Some of you may already have seen the new video on the TBA field course. We all probably learned a lot during the course, no matter which location we were. You can also have a look at it here and live the memories again.
Also with this first video on the blog, we wish to share more videos linked to the environmental world. So you are welcome to share your own personal videos or one you may have found on the web (Email address: email@example.com ).
If you picture a football match between supporters of the animal welfare cause and conservationists, some participants probably wouldn’t be sure which team to play for. There is no doubt that while the two disciplines share common supporters and sometimes work hand in hand for a common cause, their goals may be contradictory as well. But does the public actually make a distinction between the two ?
If you are working in the conservation field you have probably been asked about a specific individual animal that is ill-treated and you were expected to have all the answers to save it. But we conservation biologists often don’t and unfortunately we sometimes have to excuse ourselves for having little knowledge in a field that is not ours.Though sometimes entertaining this kind of confusion can be problematic. Continue reading “Animal welfare v/s Animal conservation”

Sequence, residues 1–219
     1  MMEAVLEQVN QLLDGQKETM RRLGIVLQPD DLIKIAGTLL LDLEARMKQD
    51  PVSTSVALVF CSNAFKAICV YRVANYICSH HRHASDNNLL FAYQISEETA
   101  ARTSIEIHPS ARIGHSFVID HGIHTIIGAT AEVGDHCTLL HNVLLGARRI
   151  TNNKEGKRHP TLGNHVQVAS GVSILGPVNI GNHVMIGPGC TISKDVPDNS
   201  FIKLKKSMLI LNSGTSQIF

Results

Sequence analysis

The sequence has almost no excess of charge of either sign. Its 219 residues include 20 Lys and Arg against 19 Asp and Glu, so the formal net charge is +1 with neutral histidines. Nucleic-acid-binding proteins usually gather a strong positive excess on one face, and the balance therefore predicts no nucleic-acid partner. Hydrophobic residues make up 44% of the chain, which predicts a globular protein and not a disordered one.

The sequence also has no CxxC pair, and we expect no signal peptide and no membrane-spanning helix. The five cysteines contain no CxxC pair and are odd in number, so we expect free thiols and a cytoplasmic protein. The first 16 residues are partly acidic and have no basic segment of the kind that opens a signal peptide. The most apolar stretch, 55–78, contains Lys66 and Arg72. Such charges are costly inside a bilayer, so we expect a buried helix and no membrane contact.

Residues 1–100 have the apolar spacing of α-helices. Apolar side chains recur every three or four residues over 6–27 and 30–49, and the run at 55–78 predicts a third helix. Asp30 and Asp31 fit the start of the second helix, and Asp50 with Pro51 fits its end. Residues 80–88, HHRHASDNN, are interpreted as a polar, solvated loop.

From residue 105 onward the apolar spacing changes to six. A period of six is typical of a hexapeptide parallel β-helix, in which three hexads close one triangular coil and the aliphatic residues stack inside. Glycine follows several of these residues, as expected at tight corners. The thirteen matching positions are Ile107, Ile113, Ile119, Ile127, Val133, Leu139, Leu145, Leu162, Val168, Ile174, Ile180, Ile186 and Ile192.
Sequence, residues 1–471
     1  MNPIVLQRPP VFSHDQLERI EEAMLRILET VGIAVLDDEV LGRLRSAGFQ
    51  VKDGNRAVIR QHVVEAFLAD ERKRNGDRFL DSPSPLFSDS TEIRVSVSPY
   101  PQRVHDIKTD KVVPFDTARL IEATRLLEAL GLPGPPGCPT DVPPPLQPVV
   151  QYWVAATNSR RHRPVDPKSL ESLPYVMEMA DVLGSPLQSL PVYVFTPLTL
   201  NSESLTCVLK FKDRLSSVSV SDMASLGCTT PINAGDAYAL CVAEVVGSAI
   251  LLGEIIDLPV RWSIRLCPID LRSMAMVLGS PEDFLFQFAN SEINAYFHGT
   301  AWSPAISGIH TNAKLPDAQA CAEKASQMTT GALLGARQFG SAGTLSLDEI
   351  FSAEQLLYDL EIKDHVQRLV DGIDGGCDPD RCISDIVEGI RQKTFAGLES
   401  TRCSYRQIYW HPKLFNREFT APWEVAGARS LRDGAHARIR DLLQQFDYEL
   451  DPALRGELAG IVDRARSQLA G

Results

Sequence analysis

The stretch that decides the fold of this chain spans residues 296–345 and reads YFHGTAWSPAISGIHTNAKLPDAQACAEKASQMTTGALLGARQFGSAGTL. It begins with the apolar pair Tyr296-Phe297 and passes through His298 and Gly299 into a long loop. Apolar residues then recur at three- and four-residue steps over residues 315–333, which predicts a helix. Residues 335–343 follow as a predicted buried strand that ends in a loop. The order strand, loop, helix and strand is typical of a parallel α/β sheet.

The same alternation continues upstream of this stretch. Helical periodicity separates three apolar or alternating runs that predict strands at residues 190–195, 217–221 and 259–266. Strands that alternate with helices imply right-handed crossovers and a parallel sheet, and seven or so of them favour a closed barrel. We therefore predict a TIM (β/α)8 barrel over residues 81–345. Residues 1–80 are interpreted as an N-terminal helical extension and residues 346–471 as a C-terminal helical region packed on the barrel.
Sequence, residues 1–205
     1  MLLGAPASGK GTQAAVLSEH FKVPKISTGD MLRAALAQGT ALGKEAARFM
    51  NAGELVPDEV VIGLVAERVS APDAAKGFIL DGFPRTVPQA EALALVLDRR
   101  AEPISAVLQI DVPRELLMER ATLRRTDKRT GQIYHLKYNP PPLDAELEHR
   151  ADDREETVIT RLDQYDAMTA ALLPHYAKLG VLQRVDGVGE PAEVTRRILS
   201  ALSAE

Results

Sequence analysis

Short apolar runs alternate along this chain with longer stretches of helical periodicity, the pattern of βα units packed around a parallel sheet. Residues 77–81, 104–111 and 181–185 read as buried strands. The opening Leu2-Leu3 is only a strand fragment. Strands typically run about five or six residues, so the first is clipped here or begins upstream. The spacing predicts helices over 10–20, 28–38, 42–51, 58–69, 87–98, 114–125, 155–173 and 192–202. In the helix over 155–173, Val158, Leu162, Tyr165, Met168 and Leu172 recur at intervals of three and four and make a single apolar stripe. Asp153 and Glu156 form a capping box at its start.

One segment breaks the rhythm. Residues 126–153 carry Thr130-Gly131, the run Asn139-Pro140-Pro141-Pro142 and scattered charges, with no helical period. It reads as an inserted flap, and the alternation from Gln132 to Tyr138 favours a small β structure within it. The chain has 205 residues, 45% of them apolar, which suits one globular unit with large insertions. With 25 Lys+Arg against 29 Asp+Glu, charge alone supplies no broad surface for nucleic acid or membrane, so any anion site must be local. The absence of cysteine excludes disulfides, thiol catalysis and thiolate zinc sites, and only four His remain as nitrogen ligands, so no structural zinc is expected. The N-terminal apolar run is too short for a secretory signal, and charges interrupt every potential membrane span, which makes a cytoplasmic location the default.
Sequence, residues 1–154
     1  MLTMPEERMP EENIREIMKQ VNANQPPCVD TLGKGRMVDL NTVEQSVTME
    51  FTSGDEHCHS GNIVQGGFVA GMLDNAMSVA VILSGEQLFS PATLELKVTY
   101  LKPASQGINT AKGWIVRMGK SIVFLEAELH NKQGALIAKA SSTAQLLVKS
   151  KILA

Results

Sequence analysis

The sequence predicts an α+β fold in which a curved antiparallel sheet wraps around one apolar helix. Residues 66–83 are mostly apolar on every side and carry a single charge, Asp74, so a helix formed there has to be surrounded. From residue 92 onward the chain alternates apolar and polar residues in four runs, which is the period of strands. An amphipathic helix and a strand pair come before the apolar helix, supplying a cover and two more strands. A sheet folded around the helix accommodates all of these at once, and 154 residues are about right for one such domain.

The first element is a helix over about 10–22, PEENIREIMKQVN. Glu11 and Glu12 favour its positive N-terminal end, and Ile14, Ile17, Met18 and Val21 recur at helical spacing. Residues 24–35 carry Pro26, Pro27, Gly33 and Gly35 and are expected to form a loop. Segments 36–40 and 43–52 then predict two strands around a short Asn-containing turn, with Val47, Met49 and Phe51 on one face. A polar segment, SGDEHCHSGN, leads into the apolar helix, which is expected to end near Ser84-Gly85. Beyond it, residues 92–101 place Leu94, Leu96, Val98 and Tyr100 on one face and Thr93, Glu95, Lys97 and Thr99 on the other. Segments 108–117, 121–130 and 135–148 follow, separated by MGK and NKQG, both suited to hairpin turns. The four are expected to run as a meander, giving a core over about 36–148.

The idea of this blog was conceived during a TBA workshop in 2011 on ecosystem services. So it just naturally follows that the first post remains in this field.
‘Never criticize a man until you’ve walked a mile in his moccasins.’
American Indian Proverb.
Now how did I go from ecosystem services to American Indian tribes?In our field we hear about destructive practices by communities and may see it with our own eyes. Yet we know little until we get to meet these communities and make the effort to understand the why. All this knowledge and new ideas we are exposed to ,doesn’t it just remain ink on paper or pixels on our screen? Until applied and put into practice. There’s nothing like real-life experience for gaining new insights in conservation issues and allowing you to see things from a different angle. Continue reading “View from the other side”